When the controller 50 and the transmitter controller 24 are communicating via the wireless communication link 28, the controller 50 authorizes the wireless power transmitter 12 to provide a charging power to the wireless power receiver 16. The wireless power receiver 16 then regulates the power transmitted by the wireless power transmitter 12.

The system 10 may automatically initiate power transfer from the wireless power transmitter 12 rather than from the wireless power receiver 16. The wireless power receiver 16 can detect and use a wide variety of magnetic field sources automatically to wake up and begin regulating power from the wireless power transmitter 12.

Accordingly, a wireless power receiver 16 for controlling an electrical connection between a capture resonator 38 of a wireless power transfer system 10 and an electrical load 18 is provided. The circuitry of the wireless power receiver 16 is powered directly by the power output from the capture resonator 38. This provides the benefit of automatically powering up the wireless power receiver 16 as soon as the capture resonator 38 begins producing power. The wireless power receiver 16 does not require stand-by power provided by an external source, such as a vehicle battery 18. Since the wireless power receiver 16 does not require power from an external source, the wireless power receiver 16 also provides the benefit of being able to initiate charging of a vehicle battery 18 even if the state of charge of the battery in the vehicle 36 is too low to operate the controller 50, i.e. “dead battery”.

While this invention has been described in terms of the preferred embodiments thereof, it is not intended to be so limited, but rather only to the extent set forth in the claims that follow. Moreover, the use of the terms first, second, etc. does not denote any order of importance, but rather the terms first, second, etc. are used to distinguish one element from another. Furthermore, the use of the terms a, an, etc. do not denote a limitation of quantity, but rather denote the presence of at least one of the referenced items.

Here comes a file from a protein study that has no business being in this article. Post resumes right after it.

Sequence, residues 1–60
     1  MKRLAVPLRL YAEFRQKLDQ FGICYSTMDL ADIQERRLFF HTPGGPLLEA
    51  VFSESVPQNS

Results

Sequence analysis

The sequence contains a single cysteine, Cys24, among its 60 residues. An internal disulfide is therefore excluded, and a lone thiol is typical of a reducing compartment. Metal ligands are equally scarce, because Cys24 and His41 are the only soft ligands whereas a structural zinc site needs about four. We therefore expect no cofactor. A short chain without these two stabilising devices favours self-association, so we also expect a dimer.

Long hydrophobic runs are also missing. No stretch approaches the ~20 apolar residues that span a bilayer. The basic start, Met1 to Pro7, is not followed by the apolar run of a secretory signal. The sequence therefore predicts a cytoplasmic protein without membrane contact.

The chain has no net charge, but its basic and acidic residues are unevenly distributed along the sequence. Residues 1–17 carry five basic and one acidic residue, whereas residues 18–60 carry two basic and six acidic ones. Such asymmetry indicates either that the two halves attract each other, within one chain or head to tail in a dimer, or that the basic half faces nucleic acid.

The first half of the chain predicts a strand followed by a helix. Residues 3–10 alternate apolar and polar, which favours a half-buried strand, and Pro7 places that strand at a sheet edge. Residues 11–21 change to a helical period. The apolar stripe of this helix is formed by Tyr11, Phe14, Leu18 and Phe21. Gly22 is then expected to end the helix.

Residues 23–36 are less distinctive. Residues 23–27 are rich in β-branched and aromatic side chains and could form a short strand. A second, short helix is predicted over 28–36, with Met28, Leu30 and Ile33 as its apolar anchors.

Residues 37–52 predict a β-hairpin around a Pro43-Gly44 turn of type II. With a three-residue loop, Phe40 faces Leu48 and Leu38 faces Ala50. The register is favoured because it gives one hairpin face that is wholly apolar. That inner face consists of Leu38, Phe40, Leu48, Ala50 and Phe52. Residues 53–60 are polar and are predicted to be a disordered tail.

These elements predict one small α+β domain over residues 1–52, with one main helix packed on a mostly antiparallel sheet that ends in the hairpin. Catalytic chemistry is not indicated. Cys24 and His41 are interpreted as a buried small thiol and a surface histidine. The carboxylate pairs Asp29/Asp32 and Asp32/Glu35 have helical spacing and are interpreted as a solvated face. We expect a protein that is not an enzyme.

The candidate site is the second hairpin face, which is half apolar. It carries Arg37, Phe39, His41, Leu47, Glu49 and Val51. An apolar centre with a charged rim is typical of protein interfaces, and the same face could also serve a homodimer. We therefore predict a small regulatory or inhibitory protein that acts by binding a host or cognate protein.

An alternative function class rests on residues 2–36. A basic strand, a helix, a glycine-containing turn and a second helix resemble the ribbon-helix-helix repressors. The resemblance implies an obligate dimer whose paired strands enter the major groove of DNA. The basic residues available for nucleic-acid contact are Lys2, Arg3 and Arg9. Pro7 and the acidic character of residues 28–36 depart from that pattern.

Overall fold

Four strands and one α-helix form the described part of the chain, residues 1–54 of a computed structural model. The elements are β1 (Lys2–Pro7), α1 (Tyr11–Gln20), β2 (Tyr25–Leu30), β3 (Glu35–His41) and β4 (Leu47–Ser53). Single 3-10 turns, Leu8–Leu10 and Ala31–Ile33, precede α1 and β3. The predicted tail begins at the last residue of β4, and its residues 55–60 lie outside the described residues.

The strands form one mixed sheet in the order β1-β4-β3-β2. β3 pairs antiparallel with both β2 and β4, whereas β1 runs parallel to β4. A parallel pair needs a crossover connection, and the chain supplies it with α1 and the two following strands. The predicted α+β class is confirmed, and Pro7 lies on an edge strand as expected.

Claims (5)

We claim:
1. A wireless power receiver configured to receive an alternating magnetic field produced by a wireless power transmitter, said wireless power receiver comprising:
a capture resonator configured to produce an alternating electrical current when excited by the alternating magnetic field;
a rectifier circuit electrically coupled to said capture resonator and configured to produce a direct electrical current when excited by said alternating electrical current;
a controller configured to control the wireless power receiver;
a voltage regulator circuit electrically coupled to the capture resonator and the controller, wherein the controller is configured to receive electrical power from the voltage regulator circuit when the capture resonator is receiving the alternating magnetic field, thereby activating the controller; and
a voltage detection circuit electrically coupled to the rectifier circuit and in communication with the controller and configured to determine the voltage of the direct electrical current, wherein the voltage detection circuit is directly electrically connected to an output of the rectifier circuit and configured to sense when there is high voltage direct electrical current on the output of the rectifier circuit and send a digital signal to the controller.